I think about that–about the powerful role music has taken in my own life, both as a marker of experience and a force that has shaped my consciousness–and I worry about the current state of public education, in which music and creative programs are the first to be sacrificed when budget cuts are made. Without exposure to new and interesting musical forms, how will those who follow me choose to mark significant moments? What will be given up? What shape will those individual lives take?
Thank you! Although not in a traditional manner, our paths have already crossed Erin and for that I’m grateful.
I’ve always been bothered by any cuts to arts programs. We almost had it here with the orchestra program and the community stepped up and voiced concern – loudly. Thankfully it stayed. I am from the school of thought that these programs foster growth in other disciplines or areas of study.
Music connects people, stirs memories and shares stories. I never knew your uncle but now feel as though I’ve experienced his story. I’m so sorry for your family’s loss. May the music continue to be healing and connecting.
Thank you Charli.:)
Oh Bill… condolences to you and your family. Music heals…
Thanks buddy. Music does heal.
Beautiful Bill…music always helps me find my way in times of darkness and often provides that push over the edge that is needed to release the emotions…I think you needed this…we all do at times – thanks for sharing x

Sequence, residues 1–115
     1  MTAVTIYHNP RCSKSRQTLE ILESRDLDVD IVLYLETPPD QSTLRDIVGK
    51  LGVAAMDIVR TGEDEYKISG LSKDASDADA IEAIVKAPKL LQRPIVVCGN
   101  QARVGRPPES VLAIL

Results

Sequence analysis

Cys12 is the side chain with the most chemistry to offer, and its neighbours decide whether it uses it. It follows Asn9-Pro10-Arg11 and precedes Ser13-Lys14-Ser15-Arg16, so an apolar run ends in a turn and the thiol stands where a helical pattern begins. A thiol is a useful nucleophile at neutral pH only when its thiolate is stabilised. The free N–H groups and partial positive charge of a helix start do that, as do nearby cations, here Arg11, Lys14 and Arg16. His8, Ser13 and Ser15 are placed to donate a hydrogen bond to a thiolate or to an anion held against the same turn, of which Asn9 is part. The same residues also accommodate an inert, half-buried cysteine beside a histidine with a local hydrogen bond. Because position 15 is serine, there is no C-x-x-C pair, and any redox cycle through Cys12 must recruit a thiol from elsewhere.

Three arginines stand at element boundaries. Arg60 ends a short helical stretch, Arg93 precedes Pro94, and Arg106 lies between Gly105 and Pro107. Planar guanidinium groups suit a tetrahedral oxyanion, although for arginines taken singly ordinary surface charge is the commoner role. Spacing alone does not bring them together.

Thank you Georgia. I think I did… do
I haven’t watched the videos because I’m at home and you know the whole silly satellite download thing. I will be looking at them on my phone as soon as I get out into civilization. Thinking about you dear friend!
I had saw the Marine’s one on his FB page. I didn’t know the Obit one existed until the other night. I have to tell you I completely freaking lost it watching that and hearing that song. I’ve always loved Into The Mystic. Thank you Dena for just being you 🙂
A moving, heartfelt tribute to your uncle. I’m sorry for your loss, but am glad that your uncle was so loved.
Thank you Jennifer. He was very loved 🙂
Bill, I just watched the Van Morrison video and now I’m crying too. it’s easy to see that your uncle was a beautiful man and very much loved. A friend of my brother’s was once told by Bob Dylan that “Death don’t mix with life,” and although death is, of course, a part of life, it’s so hard to accept sometimes. I do believe in life after this life, so that gives me hope.
Thank you Mary. It is so tough to accept but I believe in some sort of life after this life as well.
Not only are both of the videos emotional and touching tributes, so are both of your posts. Charlie looked like a wonderful man, surrounded by people that adored him. I am sorry that he left too soon. Thinking of you.
I watched them first thing yesterday morning and they both are very touching, but the first one made me tear up. Without ever meeting Charlie, I got a sense of who he was. He seemed like such a good soul.
Thanks Dena. I never met the guy who put them together but was told he was a good friend of my Uncle. He touched a lot of people.
What I loved about this is that music is a trigger for my writing. My memories. Takes you there.
Absolutely. I’m the same way.